MUNCIE — A federal jury was unable to reach a verdict Thursday in the case of a Muncie Police officer accused of false reporting.
Corey Posey was charged in 2021 with one count of False Report, a felony, and faces up to 20 years in prison.
The jury deliberated for 14 hours. This is the second time his case has ended in a hung jury.
The U.S. Attorney's office says they will try the case a third time.
Posey is the remaining defendant in the federal government’s case against current and former Muncie Police officers — for police brutality or attempting to cover it up.
The allegations against Corey Posey stem from a 2018 incident in which Posey is accused of writing a report that implied suspect Lonnie Gannom failed to comply with commands.
Posey omitted from the report that his colleague, Officer Chase Winkle, struck Gannom’s head and neck with his knee and also omitted that Winkle caused Gannom’s injuries, the indictment read.
Gannom suffered facial fractures as a result of Winkle’s excessive force.
Posey was the only officer to go to trial.
Four other former Muncie Police officers have already pleaded guilty in the federal government’s case against current and former Muncie Police officers for police brutality or attempting to cover it up.
Posey’s previous federal trial earlier this year resulted in a hung jury after they failed to reach a verdict.
On Tuesday, Posey testified in his own defense and said he felt Gannom was not cooperating with his commands during the arrest and at one point pulled his arm away.
Posey said during the incident and while reviewing body camera footage of the incident, Posey was focused on his own actions not other officers, including Winkle.
Posey said that when he wrote the report, Posey knew he didn’t cause Gannom’s injuries. There were several officers at the scene but Posey didn’t know who caused the injuries, Posey testified.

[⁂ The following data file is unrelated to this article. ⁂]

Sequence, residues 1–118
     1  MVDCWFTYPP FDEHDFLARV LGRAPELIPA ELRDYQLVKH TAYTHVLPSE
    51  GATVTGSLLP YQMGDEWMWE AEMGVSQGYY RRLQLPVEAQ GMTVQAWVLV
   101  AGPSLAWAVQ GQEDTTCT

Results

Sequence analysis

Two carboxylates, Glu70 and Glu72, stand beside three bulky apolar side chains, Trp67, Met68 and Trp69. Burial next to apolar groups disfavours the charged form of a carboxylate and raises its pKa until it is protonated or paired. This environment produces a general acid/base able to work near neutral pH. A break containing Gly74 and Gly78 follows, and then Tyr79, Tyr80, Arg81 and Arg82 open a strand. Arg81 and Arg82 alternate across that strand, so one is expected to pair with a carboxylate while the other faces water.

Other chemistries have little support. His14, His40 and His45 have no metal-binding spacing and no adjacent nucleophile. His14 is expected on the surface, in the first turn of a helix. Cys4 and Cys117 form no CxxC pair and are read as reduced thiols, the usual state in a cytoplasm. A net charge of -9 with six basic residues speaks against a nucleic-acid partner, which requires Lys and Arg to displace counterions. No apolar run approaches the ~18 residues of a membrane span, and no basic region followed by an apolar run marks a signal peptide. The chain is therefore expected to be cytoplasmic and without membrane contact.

Posey’s attorneys have pointed out that Posey was a rookie at the time, still in training, and that Sgt. Joseph Krejsa was expected to do an investigation of the Gannom incident.
Posey’s attorney also emphasized Posey wrote in his report that Gannom suffered “possible facial fractures” and had to be transported to the hospital.
Muncie Police Chief Nathan Sloan also testified Tuesday and said regarding Posey’s report on the Gannom incident, “I don’t believe it’s a lie.”
Sgt. Brent Brown, a retired Muncie Police physical tactics instructor, testified that officers are trained to document use of force by themselves and other officers.
Corey Posey has another criminal case pending.
He was arrested for drunk driving after Kokomo police said he rear-ended another vehicle on US 31, and a certified chemical test revealed his blood alcohol concentration was .087, which is above the legal limit of .08.
A federal judge placed Corey Posey on home incarceration with a GPS monitor and ordered him not to drive.
According to the order, he can't consume alcohol "at all" or possess a firearm or weapon.
Posey is not allowed to leave the house unless it’s for a pre-approved meeting such as meetings with his attorney or doctor appointments.
Federal prosecutors filed a motion following Posey’s drunk driving arrest asking for an arrest warrant for Posey.
“Posey hit another vehicle and endangered the community with his conduct,” read the motion filed by the U.S. Attorney’s Office. “It is also concerning that Posey felt the need to inform (Kokomo Police) Officer Riley on multiple occasions that he is a current and active Muncie Police Department Detective.”
Posey has remained on home incarceration until his second federal trial for false reporting, which began on September 11.
Howard County prosecutors filed formal charges against Posey for:
- Operating a Vehicle While Intoxicated Endangering a Person
- Oper Veh w/ Alcohol Concentration Equivalent to at Least .08 but Less than .15
An attorney for Posey declined to comment.
He is also the only police officer federally charged who is still employed with the Muncie Police Department.
Following his arrest, Posey was suspended for five days without pay from July 19 through July 23.
He will remain on unpaid leave pending a hearing by the merit commission, which has the authority to fire Posey.
Posey has been receiving a salary from the city for the past two years, WRTV Investigates has learned.
Muncie Police Department Chief Nathan Sloan placed Posey on paid administrative leave on April 14, 2021, the day after the federal indictment.
Posey has been on paid administrative leave from April 14, 2021, until August 3, 2023.
According to MPD, Corey Posey was paid a total of $129,052.71 from April 14, 2021 to June 30, 2023. His current hourly pay rate is $27.62.